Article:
Citizen-based health information technologies
National governments and healthcare bodies throughout much of
the developed world have over the past few years started to promote the
use of computerised technologies and systems to support citizen-centred healthcare.
New technologies enable implementation of policies to
improve citizen access to knowledge and resources and
empower patients and encourage them to become more involved in and
responsible for their healthcare throughout their lives.
The Public Zone on OpenClinical aims to
highlight examples of new web-based technologies and applications
offer services directly to the public. These encompass in the main:
- Healthcare information sites and portals
- Personal health records (PHRs)
to support the management of individual medical conditions.
Web-based Personal Health Records and portable USB devices
carrying emergency medical information are becoming increasingly widely available and
promoted to citizens.
Some PHRs are free to use; others are
commercial, often subscription-based. Portable USB devices are all available as commercial products.
It remains to be seen
whether such consumer-based health information technologies will become widely adopted and
whether citizens will view them as useful and effective, and secure and trustworthy.
Initial applications include:
PQL (Pure Quality Life) from Sweden: stress monitoring and manangement;
Di@bcarnet (Aide aux Jeunes Diabetiques): an online diary for managing diabetes in young French patients;
An online diabetes tool for children in the USA with type 1 diabetes from Cerner Corporation;
MyTeleCare from Singapore: monitoring of female outpatients with chronic diseases.
Initial demonstrations include:
IZIP from the Czech Republic: web-based personal health record;
LifeSensor from Germnay: web-based personal health record;
Lorenzo from iSOFT plc: electronic medical record;
t+ diabetes from the UK: diabetes monitoring system.
Perspectives on the Future of Personal Health Records.
Prepared for California HealthCare Foundation by Christopher J. Gearon et al.
[California HealthCare Foundation]
"As a hub of information and information-management tools controlled by the patient, personal health records present a number of promises, perils, and challenges in the years ahead. In this report, six experts share their views on the future of PHRs, from the perspective of the technologist, informed patient, physician, employer, and public health professional.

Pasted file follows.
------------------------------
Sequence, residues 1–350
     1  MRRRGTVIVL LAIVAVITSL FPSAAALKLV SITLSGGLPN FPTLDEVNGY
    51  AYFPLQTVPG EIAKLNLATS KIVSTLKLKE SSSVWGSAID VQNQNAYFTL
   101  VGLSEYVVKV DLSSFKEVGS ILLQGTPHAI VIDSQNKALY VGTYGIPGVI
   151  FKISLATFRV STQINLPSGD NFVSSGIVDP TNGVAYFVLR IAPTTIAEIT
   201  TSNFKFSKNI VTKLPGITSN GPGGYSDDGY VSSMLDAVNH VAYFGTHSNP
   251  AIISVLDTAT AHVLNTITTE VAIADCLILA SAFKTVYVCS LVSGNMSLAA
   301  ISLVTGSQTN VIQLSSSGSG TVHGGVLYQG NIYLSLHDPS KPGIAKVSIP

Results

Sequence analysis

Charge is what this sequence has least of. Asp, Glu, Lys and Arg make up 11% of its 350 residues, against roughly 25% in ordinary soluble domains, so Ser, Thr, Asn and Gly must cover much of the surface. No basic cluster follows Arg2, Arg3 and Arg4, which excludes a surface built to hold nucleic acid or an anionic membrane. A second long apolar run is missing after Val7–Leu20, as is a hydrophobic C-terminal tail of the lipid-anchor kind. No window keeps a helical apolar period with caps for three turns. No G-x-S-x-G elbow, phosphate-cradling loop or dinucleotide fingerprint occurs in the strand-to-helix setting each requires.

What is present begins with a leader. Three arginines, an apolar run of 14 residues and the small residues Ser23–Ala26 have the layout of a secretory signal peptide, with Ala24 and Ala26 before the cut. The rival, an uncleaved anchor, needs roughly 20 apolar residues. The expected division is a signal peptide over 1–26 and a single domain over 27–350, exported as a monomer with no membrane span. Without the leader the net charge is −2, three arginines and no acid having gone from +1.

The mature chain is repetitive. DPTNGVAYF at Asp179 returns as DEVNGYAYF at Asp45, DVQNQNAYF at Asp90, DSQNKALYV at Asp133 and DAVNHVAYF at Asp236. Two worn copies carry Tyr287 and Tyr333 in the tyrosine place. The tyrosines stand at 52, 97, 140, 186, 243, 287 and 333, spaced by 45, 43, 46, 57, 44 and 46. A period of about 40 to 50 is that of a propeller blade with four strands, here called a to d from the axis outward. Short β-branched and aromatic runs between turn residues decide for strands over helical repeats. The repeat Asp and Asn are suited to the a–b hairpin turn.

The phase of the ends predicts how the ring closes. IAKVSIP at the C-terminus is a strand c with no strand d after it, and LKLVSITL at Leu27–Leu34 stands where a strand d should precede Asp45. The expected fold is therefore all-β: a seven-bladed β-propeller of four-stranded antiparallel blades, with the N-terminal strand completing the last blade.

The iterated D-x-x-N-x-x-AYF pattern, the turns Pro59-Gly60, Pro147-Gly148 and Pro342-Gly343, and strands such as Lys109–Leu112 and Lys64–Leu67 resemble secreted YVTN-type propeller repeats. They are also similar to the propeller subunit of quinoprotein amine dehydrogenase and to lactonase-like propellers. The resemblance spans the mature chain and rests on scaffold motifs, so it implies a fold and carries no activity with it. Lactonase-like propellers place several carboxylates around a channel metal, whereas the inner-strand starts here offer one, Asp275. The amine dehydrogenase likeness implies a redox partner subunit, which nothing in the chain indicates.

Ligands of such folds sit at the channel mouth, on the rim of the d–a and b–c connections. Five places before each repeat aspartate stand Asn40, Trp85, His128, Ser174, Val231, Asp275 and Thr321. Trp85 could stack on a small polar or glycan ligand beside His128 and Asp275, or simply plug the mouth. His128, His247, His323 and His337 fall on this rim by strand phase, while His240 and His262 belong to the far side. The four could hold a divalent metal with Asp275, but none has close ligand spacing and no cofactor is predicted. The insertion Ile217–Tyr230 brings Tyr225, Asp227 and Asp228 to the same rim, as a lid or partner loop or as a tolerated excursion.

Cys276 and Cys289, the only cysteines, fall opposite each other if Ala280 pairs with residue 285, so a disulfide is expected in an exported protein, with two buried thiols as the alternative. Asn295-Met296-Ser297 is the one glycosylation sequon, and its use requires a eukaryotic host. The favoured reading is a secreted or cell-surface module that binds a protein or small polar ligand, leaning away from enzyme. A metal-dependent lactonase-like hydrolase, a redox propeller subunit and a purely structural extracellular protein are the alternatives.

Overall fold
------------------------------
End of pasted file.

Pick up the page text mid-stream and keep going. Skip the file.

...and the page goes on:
"The ideal PHR holds tremendous potential, according to these experts. It could receive and evaluate information from a patient's lab results or monitoring devices; store a patient's observations about physical and social environment; link with a clinician's electronic health record; and much more. On a grander scale, PHRs could also make health care more affordable by urging prevention and wellness, and by streamlining care delivery.
"But some worry that PHRs might disrupt the doctor-patient relationship, saddle overburdened physicians with unreimbursed information-management duties, and overload consumers with data.
The Value of Personal Health Records
A Joint Position Statement for Consumers of Health Care
American Health Information Management Association
American Medical Informatics Association,
The American Health Information Management Association (AHIMA) and the American
Medical Informatics Association (AMIA) advocate empowering individuals to manage their
healthcare through the use of a personal health record (PHR). The PHR is a tool for collecting,
tracking and sharing important, up-to-date information about an individual’s health or the health
of someone in their care. Using a PHR will help people make better health decisions and
improves quality of care by allowing them to access and use information needed to communicate
effectively with others about their healthcare.
Consumers in Health Care: Creating Decision Support Tools That Work.
Prepared for California HealthCare Foundation by
Shaller Consulting. June 2006
"In response to the trend of increasing consumer involvement in health care decision
making, [this report] examines the various forms and functions of tools available to help
consumers make more informed choices. It summarizes evidence regarding the effectiveness
of these tools, and offers possible strategies for overcoming limitations to their widespread use. [...]"
Jennifer Marconi. E-Health: Navigating The Internet For Health Information (White Paper).
Healthcare Information and Management Systems Society, Chicago, 2002.
The Internet has become the most important, and potentially the most effective,
communication medium the world has ever seen. More recently, the Internet has become